Reaching UP provided hundreds of veterinary services to underserved populations in 2016

Reaching UP 2016 By the NumbersIn 2016, AVMA was proud to host three Reaching UP clinics, which provided high-quality, high-volume (HQHV) spay/neuter and preventive care services to underserved populations in New Mexico. These clinics were made possible through the involvement of dedicated volunteer veterinarians, veterinary students and veterinary technicians, and strengthened by funding support from a variety of private sponsors.

Reaching UP provides valuable services for Native American populations that historically have had minimal access to consistent veterinary care. The program demonstrates the connection between veterinary medicine and public health, and serves as a reminder of what drives so many veterinarians to enter this profession: the opportunity to improve the health and welfare of animals and people.

This unique program not only provides care to a community; it also leaves a profound impact on its participants. AVMA member veterinarians and Student AVMA (SAVMA) volunteers came away with a renewed sense of purpose, passion and perspective after each clinic.

“Every member of the veterinary team and staff wanted to be there and put passion into their work,” shared student volunteer Christopher Clement, a 2019 DVM candidate enrolled in a joint program of University of Alaska Fairbanks and Colorado State University. “For me, this was inspiring and revitalizing. It confirmed my reasons for deciding to go into veterinary medicine, for the people and their pets.”

The November 2016 clinic was the first clinic to engage SAVMA members as volunteers, and their professionalism and assistance encouraged Reaching UP organizers to continue seeking student volunteers for future clinics.

2016 impact by the numbers

In 2016, Reaching UP engaged the help of 20 AVMA member veterinarians, six SAVMA veterinary student volunteers and five veterinary technicians. Over the course of three clinics spanning four days each, volunteers:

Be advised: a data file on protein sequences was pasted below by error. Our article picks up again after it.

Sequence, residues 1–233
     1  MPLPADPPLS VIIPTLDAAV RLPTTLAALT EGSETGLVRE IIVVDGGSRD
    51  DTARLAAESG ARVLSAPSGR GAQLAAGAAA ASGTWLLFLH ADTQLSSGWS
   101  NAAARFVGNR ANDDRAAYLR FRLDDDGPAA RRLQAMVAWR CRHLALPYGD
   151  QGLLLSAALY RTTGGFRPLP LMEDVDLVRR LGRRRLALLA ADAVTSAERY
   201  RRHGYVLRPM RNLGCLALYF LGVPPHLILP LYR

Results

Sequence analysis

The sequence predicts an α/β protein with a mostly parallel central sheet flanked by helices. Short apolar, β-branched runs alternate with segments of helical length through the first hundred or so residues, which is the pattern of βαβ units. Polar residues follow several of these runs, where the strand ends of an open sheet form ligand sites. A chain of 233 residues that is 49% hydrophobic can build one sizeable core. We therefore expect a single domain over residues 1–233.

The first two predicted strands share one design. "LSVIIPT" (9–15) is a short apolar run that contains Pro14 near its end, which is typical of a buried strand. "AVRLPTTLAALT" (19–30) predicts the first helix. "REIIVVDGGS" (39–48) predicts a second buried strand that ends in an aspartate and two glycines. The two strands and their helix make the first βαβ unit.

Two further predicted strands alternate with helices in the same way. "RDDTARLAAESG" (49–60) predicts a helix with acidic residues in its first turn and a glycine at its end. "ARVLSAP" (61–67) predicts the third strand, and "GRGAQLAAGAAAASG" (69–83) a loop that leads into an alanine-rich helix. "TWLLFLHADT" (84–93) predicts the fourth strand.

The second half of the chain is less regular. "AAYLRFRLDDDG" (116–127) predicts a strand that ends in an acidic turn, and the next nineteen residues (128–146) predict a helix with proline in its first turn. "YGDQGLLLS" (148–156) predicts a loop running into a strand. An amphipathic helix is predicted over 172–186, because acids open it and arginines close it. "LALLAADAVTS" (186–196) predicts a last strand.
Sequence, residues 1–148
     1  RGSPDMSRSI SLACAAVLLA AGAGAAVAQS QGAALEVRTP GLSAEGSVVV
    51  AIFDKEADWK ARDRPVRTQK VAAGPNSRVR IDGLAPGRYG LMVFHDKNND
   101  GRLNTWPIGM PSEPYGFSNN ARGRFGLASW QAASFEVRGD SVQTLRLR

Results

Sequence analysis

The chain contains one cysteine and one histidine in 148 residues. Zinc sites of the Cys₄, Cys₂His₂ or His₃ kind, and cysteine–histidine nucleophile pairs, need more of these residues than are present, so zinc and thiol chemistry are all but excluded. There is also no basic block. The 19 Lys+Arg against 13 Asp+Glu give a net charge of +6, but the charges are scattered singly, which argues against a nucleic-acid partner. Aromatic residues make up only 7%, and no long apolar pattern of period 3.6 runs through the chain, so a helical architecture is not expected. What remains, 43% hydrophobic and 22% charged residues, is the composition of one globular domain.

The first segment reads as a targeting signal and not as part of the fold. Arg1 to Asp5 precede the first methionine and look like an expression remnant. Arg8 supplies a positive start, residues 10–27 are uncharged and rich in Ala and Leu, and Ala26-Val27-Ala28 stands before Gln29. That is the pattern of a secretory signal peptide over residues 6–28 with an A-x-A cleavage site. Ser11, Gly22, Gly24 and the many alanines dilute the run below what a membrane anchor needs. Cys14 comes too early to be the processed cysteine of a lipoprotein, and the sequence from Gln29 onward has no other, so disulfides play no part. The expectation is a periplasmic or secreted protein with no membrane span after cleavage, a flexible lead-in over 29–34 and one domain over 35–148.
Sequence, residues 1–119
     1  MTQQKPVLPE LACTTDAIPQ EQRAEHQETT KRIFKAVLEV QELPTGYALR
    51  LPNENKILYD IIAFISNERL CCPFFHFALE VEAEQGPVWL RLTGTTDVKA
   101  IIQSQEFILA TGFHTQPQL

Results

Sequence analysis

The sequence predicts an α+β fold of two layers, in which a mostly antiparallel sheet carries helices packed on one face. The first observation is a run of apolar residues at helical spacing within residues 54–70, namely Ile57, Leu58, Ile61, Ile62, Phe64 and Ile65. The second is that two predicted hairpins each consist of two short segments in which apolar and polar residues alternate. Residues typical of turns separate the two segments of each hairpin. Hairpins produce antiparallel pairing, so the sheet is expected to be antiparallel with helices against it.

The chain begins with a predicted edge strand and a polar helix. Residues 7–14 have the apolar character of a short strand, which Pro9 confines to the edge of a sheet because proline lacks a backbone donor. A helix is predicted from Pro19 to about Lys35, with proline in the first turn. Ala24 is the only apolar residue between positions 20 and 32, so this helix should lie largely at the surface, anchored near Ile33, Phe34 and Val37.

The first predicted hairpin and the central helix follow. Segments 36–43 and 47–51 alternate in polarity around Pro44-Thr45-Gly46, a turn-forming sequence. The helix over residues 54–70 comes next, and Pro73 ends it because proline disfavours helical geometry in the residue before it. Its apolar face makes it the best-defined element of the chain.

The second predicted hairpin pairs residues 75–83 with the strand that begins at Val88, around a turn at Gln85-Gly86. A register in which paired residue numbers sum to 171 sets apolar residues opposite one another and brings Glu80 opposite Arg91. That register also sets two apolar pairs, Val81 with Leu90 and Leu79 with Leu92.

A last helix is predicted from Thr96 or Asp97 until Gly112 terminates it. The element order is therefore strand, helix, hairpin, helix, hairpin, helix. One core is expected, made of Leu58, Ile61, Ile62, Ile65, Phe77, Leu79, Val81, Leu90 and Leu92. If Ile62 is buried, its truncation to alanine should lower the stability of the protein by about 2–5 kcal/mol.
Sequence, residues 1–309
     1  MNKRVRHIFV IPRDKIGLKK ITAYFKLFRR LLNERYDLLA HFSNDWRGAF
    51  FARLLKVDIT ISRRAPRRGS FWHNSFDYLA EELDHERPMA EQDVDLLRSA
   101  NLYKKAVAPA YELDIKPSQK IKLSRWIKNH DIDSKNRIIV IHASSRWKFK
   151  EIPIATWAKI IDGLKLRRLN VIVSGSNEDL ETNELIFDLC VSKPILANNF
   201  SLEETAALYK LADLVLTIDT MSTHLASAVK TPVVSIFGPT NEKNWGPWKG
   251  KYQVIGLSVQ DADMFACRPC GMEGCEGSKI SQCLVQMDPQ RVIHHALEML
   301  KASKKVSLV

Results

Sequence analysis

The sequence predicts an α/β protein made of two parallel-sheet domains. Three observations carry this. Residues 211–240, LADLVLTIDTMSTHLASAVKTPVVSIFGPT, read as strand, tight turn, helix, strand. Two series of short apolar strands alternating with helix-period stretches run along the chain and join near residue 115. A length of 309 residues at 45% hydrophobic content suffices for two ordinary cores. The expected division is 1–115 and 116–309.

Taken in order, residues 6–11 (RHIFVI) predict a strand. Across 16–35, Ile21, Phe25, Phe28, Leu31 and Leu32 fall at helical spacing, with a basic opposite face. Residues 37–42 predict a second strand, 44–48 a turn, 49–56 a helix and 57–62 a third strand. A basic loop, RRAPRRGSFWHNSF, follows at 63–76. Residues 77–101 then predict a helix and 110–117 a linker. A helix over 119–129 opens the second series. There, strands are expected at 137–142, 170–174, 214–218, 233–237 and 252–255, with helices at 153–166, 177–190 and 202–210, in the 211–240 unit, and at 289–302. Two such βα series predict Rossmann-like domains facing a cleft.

• saw 850 patients
  • performed 475 spay/neuter surgeries
  • performed 375 preventive care or outpatient medical care exams and treatments
  • distributed 1,200 pounds of cat and dog food

We extend our heartfelt gratitude to all of the dedicated volunteers, without whom Reaching UP would not be successful. We also thank the Banfield Foundation for providing funding for Reaching UP in 2016, and Purina for its donation of dog and cat food.

Get involved in Reaching UP

Applications are currently being accepted for volunteer veterinarians and veterinary students to assist with clinics to be held in April and November 2017. The deadline to apply for the April clinic is February 17. AVMA and SAVMA members interested in volunteering can find application forms and more information at avma.org/ReachingUP.

Thank you to the Banfield Foundation for funding the 2016 Reaching UP program, and to the following sponsors who provided generous in-kind donations: Ceva, Purina, Solvo and Zoetis.

One thought on “Reaching UP provided hundreds of veterinary services to underserved populations in 2016

  1. How do underserved Native American communities from Nebraska contact Reach UP to get more information about having spay/neuter clinic in their area? Does Reach UP only serve tribes in NM? Any information would be greatly appreciated!

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